17 April 2015


We decided to swing over to our local patch, Don Nottoli Park, yesterday evening to take a look around.  It was warm and the park was active (with people) so our expectations were pretty low.  But before we could even make it to the better habitat, we spotted a distant empid out in the open part of the park.  It looked interesting.  We scrambled.

We got closer and my hunch was correct, it was indeed a GRAY FLYCATCHER:
Now, I don't really know why but I really do love this species.  Still to this day I've seen fewer than 10 of these so it's probably the newness of them that still excites me a little bit.  It really was a classic GRFL though; super long bill, a yellow lower-mandible with a sharp black tip, and the bird displayed the distinctive behavior of dipping its tail down like a phoebe.  It also gave its whit call note quite often, more often than other migrant empids I've seen around here.  I never got to study the back of the bird to look at the primary projection but GRFLs have pretty short projection.  

This is actually the second time we've found one here but the previous one took us a minute or two to figure out the ID.  This time, we were ready.  The previous record was on an April 21st... 5 days after we had this one.  Seems like a nice, tight window of arrival (so far).

We also hit paydirt when this county year bird flew over, a WHIMBREL:
I returned to the park this morning with lots more time and high expectations, the latter which I should have avoided.  Migrants weren't dripping from trees but seriously, I can't complain.  However, the highlight WAS this blob:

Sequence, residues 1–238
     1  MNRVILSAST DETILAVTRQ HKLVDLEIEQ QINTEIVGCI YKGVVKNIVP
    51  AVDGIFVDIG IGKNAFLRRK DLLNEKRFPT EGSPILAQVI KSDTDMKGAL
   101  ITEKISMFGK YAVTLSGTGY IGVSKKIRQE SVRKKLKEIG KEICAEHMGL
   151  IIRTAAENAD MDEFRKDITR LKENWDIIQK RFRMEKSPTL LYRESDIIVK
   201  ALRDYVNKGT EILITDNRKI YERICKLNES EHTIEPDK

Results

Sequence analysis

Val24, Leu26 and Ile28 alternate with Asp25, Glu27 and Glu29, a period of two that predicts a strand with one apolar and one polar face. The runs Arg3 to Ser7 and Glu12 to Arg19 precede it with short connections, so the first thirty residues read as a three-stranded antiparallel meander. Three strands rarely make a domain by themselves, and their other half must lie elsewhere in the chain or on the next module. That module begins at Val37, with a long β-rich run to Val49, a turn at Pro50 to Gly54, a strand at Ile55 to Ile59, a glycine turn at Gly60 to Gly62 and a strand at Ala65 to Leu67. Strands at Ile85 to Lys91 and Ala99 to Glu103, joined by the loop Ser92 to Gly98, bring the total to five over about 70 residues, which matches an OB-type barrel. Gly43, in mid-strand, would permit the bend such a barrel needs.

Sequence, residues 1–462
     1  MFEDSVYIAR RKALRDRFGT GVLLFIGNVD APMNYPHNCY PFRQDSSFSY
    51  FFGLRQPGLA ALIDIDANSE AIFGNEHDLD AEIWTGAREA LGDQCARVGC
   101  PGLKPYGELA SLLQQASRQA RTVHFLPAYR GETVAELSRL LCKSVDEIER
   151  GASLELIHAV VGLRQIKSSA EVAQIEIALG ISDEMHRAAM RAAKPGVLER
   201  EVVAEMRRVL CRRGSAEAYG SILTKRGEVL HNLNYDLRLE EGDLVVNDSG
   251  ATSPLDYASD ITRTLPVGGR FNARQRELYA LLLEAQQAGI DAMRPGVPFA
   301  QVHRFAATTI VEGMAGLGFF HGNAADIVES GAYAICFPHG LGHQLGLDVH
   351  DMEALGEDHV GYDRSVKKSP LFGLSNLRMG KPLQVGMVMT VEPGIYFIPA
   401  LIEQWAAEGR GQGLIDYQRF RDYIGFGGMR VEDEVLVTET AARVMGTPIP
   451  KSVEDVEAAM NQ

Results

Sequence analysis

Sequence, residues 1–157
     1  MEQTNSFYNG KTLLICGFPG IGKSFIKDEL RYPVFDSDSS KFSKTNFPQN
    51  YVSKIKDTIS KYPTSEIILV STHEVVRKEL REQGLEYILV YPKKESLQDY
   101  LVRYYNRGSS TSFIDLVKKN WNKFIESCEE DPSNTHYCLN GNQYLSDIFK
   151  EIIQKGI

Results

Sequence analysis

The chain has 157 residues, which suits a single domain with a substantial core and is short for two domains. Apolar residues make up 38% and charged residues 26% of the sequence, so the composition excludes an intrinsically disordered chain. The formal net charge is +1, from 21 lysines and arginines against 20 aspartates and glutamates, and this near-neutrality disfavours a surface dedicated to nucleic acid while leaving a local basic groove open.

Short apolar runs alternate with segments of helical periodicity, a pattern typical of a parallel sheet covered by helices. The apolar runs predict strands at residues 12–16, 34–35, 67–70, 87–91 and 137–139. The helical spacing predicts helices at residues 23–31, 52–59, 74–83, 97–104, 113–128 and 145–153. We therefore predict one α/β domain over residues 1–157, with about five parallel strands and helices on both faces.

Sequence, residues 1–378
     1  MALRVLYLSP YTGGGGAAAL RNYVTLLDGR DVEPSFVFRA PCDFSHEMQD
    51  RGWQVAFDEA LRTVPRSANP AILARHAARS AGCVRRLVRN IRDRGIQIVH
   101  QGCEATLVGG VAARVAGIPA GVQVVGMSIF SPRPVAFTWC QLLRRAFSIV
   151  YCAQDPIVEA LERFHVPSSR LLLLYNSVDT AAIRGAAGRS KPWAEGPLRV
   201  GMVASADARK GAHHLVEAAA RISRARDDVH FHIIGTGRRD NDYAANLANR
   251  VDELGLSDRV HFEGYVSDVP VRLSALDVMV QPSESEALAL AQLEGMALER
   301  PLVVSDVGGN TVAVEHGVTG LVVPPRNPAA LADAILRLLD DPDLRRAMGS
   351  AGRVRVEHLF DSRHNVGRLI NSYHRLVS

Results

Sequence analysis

Of course, it's a wretched photo (which is my specialty) but this blob is a migrant HOODED ORIOLE which represents a first record for this park.  This is the 146th species seen at this park and my 135th.  It's also probably the last new species I'll see at this park.

Another interesting bird was bopping around this morning.  This bird, also an empid, was feeding in tree tops in a rather bare part of the park, out in the open near one of the baseball diamonds:
Things to notice include the very bold eye-ring which is fattest at the rear of the eye... as well as the short bill.  Here's another photo:
The small, mostly dark bill removes Pacific-slope, Willow, and Gray flycatchers from the running.  That leaves Dusky and Hammond's, mostly.  The bird only stayed in the tree tops.  Important?  The following isn't a rule BUT this guideline, in my experience, is closer to a rule than to a guideline.  You'd be hard-pressed to find a Dusky that preferred treetops like this; they like it LOW.  Like, under 10 feet kind-of-low.  Hammond's, on the other hand, like it HIGH.  This is a Hammond's.

This following flycatcher... well, it likes it just about everywhere:
Yep, it's one of the local ASH-THROATED FLYCATCHERS.  I'll be swapping these out for Great Crested Flycatchers in a week or two.

Lastly, the BULLOCK'S ORIOLES are back in full force and have been for some time.  Here's a young male that was singing up a storm from a tree top.  It paused to look at me... so I paused and looked at it:
It's a dullish yellow... so why is it a male?  Female Bullock's NEVER have black on the throat.  Only males have that.